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Paul Gray [Image: Disability News Service].

If a government minister says she has accepted all recommendations in an independent review, then it turns out that two of them have been even partially rejected, then she has lied.

Perhaps Sarah Newton should be dragged back to Parliament to explain why she has said one thing and done another?

One wonders whether she’ll try to get away with saying it was a mistake.

The minister for disabled people has refused to approve two key recommendations made by the independent reviewer of its new disability benefit, which would have made it easier for claimants to protect themselves against dishonest assessment reports.

Among the recommendations made for improvements to personal independence payment (PIP), Paul Gray said earlier this year that all assessments should be recorded, although claimants should be able to opt out if they wanted to.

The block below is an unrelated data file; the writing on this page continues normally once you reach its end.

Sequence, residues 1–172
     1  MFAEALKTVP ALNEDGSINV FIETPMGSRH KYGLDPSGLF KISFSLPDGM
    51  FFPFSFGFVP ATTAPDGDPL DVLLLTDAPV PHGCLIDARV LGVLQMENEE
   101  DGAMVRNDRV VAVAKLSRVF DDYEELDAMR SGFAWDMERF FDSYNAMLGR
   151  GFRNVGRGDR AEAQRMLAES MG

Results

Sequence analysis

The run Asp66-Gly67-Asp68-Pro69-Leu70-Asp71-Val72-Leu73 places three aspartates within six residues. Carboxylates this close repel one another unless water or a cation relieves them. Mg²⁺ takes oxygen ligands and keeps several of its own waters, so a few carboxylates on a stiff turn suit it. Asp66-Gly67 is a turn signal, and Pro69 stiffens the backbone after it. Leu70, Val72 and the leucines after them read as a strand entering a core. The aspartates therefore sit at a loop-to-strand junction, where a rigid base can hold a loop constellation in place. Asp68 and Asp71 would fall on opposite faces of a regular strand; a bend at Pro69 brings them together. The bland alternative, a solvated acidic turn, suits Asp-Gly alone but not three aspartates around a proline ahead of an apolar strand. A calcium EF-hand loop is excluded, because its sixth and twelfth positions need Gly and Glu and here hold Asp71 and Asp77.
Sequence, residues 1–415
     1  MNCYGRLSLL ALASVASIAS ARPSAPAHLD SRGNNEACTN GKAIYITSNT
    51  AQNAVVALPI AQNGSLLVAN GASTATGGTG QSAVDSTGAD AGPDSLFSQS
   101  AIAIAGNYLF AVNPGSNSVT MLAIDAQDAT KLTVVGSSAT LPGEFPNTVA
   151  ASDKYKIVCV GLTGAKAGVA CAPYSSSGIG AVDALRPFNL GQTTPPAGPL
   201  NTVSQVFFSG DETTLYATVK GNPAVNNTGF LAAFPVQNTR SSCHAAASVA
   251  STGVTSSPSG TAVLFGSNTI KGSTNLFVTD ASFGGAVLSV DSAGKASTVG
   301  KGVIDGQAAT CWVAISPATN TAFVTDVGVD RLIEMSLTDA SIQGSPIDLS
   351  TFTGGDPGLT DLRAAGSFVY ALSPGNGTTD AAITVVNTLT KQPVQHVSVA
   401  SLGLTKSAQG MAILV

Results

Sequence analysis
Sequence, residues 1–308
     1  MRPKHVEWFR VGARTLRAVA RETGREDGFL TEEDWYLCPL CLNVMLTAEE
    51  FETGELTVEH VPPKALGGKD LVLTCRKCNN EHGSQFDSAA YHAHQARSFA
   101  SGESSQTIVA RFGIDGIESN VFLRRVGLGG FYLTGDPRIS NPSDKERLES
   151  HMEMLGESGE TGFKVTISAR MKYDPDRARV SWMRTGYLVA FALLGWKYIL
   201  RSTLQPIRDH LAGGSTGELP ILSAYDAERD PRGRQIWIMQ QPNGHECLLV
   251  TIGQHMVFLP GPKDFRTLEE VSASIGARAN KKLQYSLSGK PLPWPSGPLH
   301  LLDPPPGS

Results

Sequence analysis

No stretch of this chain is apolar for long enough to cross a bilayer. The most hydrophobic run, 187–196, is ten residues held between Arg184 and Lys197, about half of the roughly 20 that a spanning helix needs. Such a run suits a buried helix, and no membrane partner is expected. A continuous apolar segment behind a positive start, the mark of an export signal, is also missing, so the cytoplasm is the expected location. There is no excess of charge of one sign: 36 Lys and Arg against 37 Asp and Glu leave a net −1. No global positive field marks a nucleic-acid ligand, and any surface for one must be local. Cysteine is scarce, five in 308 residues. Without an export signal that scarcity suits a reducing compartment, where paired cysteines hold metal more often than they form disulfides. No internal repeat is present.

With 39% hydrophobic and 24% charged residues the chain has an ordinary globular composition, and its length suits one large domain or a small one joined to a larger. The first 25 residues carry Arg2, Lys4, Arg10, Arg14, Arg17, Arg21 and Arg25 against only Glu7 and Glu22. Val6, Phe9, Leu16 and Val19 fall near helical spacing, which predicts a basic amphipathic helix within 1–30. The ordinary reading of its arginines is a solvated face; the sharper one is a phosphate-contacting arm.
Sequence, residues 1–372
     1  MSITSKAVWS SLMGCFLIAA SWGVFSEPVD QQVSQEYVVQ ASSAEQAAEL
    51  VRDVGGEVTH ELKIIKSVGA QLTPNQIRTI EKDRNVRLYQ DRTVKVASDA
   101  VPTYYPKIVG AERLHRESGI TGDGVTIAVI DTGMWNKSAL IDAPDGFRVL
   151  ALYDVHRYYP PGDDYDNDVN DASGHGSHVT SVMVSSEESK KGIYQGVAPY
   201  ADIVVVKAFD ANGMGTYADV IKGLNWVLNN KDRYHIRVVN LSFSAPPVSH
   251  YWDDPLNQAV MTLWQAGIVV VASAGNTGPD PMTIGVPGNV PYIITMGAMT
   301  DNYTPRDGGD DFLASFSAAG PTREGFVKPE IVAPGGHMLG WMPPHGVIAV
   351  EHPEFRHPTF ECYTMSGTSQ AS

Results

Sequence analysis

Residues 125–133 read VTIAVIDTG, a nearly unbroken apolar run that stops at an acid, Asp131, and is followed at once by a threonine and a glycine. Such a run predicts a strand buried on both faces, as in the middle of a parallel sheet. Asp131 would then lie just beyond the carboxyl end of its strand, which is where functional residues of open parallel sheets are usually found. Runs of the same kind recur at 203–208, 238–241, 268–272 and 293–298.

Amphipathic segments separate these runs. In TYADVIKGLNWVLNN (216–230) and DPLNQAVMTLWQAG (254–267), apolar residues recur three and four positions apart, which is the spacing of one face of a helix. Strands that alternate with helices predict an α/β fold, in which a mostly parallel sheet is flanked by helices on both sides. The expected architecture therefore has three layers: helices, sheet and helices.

He also said that all PIP claimants should be given a copy of their assessment report when receiving the letter from DWP telling them if their claim has been successful.

But despite telling parliament that she had accepted all Gray’s recommendations, Sarah Newton, the minister for disabled people, has failed to accept either of these suggestions.

In DWP’s response to Gray’s second review of PIP, Newton’s department claims it has “partially” accepted the two recommendations.

But it says that “given the scale of the challenge” of providing copies of assessment reports to every claimant and “the high cost to the taxpayer… this is not an option we will be pursuing.”

On automatic audio recording of assessments, having already completed one pilot of audio recording of 400 assessments, DWP now says it is “looking at a further feasibility study”.

Providing copies of assessment reports to all claimants and audio-recording assessments would both be likely to make it harder for assessors working for the discredited outsourcing companies Atos and Capita to produce dishonest accounts of assessments.

Source: Minister fails to back measures to protect claimants from dishonest assessors

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